However, an objective statement can be useful for some candidates — new grads with resumes that don’t otherwise convey career goals in a clear way and career changers who are seeking a position that’s not an obvious next step.
10. Too general or irrelevant
Your resume should be focused, concise and emphasize achievements and skills that fit the job you’re applying for. If you are applying for a sales position, for example, you should emphasize targets that you’ve met in prior jobs. Including percentages and numbers can be useful.
For example, [“Increased _______ by 25% in Store XYZ” or “Reduced operations backlog by 50% for the fiscal year in 2009.”] Think about how best to present your experience and skills in a way that would impress your potential employer.
This probably means customizing your resume for each position, especially if you are considering more than one type of opportunity. Carefully review the job description and then take the time to tailor your resume to emphasize the strengths and experience that are most relevant for the position.
11. Including “red flag” information
Your goal is to land an interview by giving the employer a compelling overview of the job skills and experience that make you a good candidate. Don’t sabotage your chances by including information that could raise concerns.
Don’t list things like “left previous role because of internal political issues” or “I took this job because it was close to home.” There will be time to discuss your reasons for leaving and taking positions in the interview.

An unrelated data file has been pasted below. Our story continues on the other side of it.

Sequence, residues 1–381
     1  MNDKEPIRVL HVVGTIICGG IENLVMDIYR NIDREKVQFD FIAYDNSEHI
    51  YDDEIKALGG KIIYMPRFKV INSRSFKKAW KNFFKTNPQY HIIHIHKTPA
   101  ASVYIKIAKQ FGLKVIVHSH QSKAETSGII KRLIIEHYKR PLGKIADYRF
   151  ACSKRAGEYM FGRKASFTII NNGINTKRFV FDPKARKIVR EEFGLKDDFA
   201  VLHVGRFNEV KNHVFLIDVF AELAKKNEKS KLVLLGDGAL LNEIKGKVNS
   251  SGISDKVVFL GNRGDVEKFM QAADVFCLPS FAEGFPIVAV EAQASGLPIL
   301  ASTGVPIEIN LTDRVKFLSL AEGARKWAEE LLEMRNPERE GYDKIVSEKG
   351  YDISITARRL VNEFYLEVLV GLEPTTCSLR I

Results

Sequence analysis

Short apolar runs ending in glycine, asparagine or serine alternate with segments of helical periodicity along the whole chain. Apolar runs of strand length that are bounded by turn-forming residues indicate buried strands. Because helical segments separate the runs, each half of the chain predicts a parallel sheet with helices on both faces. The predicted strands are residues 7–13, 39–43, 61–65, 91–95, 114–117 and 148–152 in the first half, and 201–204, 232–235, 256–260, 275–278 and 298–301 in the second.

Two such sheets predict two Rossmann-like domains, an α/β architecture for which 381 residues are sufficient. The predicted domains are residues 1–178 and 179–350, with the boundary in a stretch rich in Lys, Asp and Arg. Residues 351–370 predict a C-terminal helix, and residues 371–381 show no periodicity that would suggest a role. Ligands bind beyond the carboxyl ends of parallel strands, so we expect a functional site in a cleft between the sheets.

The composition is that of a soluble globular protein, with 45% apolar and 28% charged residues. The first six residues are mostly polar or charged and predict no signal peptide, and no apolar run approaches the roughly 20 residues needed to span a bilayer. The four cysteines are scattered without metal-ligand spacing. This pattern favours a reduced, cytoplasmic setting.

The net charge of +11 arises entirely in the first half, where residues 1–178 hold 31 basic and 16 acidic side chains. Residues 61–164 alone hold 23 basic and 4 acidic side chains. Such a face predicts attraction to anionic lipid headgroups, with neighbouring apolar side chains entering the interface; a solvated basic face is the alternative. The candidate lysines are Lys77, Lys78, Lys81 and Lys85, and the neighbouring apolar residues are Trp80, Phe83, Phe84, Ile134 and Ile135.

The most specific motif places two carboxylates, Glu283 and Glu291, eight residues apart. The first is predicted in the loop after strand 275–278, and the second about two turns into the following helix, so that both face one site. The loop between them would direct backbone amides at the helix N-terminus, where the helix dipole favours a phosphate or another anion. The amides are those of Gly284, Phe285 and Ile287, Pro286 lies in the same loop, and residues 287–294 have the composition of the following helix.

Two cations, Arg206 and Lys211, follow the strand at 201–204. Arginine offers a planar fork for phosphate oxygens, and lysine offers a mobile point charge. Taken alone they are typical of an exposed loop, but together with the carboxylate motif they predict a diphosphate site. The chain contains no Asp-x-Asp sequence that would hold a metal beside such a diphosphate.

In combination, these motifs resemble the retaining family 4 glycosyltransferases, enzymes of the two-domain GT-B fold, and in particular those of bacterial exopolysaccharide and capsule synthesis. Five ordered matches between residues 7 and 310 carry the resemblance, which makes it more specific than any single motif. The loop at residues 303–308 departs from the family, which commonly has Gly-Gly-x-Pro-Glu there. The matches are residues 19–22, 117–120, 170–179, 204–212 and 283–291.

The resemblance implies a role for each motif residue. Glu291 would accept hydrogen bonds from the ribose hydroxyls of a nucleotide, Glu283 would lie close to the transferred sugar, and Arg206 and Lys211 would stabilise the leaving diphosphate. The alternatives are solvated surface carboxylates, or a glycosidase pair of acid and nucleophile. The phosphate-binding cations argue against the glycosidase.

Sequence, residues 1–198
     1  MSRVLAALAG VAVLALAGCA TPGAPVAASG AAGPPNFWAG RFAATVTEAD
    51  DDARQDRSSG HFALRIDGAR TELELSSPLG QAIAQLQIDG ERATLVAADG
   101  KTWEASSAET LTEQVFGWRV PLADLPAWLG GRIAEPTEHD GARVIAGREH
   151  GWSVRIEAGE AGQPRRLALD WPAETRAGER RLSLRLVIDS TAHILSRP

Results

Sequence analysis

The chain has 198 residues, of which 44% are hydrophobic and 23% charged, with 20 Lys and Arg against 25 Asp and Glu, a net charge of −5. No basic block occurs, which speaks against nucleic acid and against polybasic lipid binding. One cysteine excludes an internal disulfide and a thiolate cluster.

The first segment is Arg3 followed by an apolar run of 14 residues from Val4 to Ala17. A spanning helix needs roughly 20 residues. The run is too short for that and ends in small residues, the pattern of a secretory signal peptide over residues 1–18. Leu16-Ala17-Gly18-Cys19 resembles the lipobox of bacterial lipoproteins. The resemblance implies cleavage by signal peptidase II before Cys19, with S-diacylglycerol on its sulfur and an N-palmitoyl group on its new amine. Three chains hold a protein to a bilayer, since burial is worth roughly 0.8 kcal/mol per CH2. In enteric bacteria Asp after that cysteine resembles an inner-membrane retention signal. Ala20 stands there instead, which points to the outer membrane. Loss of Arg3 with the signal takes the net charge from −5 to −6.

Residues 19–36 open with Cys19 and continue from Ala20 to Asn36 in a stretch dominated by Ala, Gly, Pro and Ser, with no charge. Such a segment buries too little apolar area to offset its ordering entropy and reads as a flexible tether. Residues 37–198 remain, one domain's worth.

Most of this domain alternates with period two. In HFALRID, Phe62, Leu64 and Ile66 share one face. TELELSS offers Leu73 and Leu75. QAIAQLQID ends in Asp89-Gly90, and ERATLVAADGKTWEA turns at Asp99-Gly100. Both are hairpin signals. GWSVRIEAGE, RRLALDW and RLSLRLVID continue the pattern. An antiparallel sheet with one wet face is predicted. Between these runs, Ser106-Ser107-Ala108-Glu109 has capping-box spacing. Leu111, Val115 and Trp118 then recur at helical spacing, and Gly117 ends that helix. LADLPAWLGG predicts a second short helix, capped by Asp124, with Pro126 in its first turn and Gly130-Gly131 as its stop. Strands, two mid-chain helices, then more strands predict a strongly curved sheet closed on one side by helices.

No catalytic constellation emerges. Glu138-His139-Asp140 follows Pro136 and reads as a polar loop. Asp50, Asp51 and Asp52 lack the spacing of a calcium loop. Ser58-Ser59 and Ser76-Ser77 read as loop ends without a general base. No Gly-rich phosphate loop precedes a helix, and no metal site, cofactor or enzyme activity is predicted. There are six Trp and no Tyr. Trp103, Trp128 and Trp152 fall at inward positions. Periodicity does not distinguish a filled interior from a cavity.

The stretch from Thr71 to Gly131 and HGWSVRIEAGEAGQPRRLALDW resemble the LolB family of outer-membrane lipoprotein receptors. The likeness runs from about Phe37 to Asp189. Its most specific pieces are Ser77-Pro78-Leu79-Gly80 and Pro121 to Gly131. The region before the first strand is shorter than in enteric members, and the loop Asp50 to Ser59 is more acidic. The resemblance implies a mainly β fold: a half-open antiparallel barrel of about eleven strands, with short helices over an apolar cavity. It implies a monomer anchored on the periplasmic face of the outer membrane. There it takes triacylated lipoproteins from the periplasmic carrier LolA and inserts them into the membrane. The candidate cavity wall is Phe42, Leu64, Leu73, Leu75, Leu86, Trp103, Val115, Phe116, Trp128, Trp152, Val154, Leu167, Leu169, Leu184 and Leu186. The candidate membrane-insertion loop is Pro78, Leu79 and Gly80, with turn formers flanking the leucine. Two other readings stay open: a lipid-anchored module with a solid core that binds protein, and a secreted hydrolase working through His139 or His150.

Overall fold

By then, you will have used Big Interview to prepare and practice so that you can discuss your reasons in a positive and professional way.
12. Too much information
You want your employer to know what you did in your previous jobs, but you don’t need to include the kitchen sink.
Describe your job duties in enough detail to give the employer a good idea of your general responsibilities.
Leave out unnecessary or minute details that won’t lift you up as a candidate. More importantly: Highlight your job achievements. Use bullet-points to help the reader focus in on your accomplishments.
Too many candidates make the mistake of including a detailed job description instead of emphasizing individual contributions.
13. Passive tone of voice.
Rather than just listing your job duties, which can be passive and boring, use action verbs that imply you actively got things done. Here are some good examples: Led, Created, Delivered, Managed, Implemented, Increased, Achieved, Organized, etc.
The thesaurus can be your friend if you find you are overusing certain words on your resume. Just don’t get too crazy trying to impress them with your awesome vocabulary — you want them to actually understand what you did (skip “confabulate” and “propagage” and other Word-of-the Day entries).
Your resume is your first face forward to the employer, so it’s very important that you take the time to to make sure it looks great and is an accurate and powerful representation of your qualifications. Common mistakes (even the seemingly little ones) can kill your chances of getting an interview. When it comes to your resume, you really can’t be too perfect.
Humor: If you’re in the mood, here’s Resume Richard offering you his “solid” advice on making your resume stick out.
Connect with Pamela Skillings on Google+